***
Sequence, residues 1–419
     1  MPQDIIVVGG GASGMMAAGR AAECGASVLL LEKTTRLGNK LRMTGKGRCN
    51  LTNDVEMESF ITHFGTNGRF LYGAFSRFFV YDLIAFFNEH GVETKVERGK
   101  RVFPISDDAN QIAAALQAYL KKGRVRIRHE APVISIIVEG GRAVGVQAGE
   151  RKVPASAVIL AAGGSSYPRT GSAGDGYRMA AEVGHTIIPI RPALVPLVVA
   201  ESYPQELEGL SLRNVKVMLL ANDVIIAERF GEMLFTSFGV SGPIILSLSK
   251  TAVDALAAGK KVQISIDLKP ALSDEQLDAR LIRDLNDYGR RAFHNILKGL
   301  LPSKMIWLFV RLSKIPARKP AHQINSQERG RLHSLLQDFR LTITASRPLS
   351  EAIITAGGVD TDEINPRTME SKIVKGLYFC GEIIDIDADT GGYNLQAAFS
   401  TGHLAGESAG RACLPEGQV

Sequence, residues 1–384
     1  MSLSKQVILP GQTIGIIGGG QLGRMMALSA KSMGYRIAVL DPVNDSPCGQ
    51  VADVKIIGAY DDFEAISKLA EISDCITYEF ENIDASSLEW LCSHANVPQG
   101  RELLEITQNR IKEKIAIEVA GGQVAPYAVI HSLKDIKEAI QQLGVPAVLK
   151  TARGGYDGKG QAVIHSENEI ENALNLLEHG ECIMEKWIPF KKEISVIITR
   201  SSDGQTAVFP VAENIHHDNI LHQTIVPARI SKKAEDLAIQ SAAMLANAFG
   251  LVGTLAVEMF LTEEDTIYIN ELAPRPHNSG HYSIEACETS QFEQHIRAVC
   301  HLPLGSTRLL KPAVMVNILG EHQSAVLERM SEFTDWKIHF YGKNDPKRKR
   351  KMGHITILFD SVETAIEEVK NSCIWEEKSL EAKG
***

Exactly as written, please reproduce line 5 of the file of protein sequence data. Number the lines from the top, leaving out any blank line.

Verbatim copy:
   151  RKVPASAVIL AAGGSSYPRT GSAGDGYRMA AEVGHTIIPI RPALVPLVVA